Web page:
Press Releases

Michigan College Access Network invests $10,000 to encourage early postsecondary exposure in Redford

The grant will support the launch of the Warriors WILL program to encourage early postsecondary education exposure, experience and success.

September 11, 2019 - LANSING, Mich.— Students at Redford’s Westfield Preparatory High School will have the chance to sample college experiences and explore careers thanks to a $10,000 Innovative Program Grant from the Michigan College Access Network (MCAN).

The award will launch the Warriors WILL (Willingly Innovate Learn and Lead) program that encourages early postsecondary exposure, experience and success for all students.

The grant-funded initiative will have two components:

  • Summer enrichment and intervention program.
  • High school dual enrollment, starting with ninth graders.

The weeklong summer enrichment and intervention program includes career exploration, 21st century skills, team building, field trips and college tours. The high school dual enrollment experience will focus on completing a college-level speech or humanities course, as well as a campus visit.

“Warriors WILL enables us to identify students with academic gaps which will, in turn, allow us to be proactive about interventions and remediations,” said Aquan Grant, founder and principal of Westfield Prep. “We also look forward to giving students the chance to experience college-level coursework with guidance from both high school and college staff to increase college enrollment and success.”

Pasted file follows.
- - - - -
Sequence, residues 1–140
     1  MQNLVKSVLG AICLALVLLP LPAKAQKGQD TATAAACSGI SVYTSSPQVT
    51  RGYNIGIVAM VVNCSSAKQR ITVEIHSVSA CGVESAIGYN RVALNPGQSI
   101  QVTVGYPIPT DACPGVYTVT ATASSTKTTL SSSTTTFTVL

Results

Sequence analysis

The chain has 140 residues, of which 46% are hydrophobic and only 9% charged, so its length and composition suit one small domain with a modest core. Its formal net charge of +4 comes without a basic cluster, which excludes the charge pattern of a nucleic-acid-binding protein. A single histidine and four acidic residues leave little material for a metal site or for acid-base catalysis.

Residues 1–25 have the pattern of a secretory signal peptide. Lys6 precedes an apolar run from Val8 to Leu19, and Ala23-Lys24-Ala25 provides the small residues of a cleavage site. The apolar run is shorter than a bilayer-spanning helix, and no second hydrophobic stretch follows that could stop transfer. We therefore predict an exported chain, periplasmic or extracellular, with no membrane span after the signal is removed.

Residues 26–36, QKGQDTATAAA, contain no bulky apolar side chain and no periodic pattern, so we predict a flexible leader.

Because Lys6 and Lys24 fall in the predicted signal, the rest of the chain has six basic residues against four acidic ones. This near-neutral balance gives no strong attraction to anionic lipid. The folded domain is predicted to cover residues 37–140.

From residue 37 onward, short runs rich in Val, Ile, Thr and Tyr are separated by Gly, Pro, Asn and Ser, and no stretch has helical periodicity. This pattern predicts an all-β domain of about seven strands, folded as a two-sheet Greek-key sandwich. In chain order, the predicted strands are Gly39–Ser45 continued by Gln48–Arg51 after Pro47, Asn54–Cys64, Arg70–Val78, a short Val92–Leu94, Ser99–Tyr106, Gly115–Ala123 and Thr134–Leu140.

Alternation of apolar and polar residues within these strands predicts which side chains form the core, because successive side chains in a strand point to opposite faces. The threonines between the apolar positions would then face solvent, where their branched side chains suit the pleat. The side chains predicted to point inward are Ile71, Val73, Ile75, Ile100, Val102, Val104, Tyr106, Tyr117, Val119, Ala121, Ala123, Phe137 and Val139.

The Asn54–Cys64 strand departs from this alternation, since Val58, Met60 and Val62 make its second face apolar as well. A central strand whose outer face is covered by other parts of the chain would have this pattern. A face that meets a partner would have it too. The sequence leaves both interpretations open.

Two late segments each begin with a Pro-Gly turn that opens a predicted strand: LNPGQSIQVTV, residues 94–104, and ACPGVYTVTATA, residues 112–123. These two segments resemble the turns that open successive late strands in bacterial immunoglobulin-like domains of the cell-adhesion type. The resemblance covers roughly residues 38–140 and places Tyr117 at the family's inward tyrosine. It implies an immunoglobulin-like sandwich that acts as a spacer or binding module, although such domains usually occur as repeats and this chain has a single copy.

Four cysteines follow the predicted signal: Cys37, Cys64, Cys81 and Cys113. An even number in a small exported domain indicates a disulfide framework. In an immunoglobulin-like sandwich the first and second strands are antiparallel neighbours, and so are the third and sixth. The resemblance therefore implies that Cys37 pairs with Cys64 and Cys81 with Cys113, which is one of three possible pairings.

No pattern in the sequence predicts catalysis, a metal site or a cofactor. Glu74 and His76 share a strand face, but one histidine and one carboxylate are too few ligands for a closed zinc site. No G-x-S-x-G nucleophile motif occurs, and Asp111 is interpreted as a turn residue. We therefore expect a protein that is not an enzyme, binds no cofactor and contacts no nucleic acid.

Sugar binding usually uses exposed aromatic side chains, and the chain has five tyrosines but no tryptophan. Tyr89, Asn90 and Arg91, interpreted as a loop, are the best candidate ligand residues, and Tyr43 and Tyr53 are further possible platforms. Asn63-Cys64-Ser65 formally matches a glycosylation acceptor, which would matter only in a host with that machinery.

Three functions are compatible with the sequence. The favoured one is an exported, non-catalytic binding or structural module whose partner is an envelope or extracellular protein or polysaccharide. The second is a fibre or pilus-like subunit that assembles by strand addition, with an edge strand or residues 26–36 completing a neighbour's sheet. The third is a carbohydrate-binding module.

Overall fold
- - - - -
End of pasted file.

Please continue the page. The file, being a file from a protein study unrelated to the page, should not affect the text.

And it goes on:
“This initiative aligns with our goal of Sixty by 30 and provides opportunities for students who can benefit from early college credit programs,” said Ryan Fewins-Bliss, interim executive director of MCAN. “We are looking forward to Warriors WILL leading to increases in college enrollment and completion for Westfield Prep students.”

MCAN’s Innovative Program Grants are designed to fund programming that increases college readiness, enrollment and completion in local communities and across the state. Since these grants were introduced in 2016, MCAN has awarded more than $300,000 in 32 grants to organizations throughout the state with grants of up to $10,000.

ABOUT THE MICHIGAN COLLEGE ACCESS NETWORK (MCAN)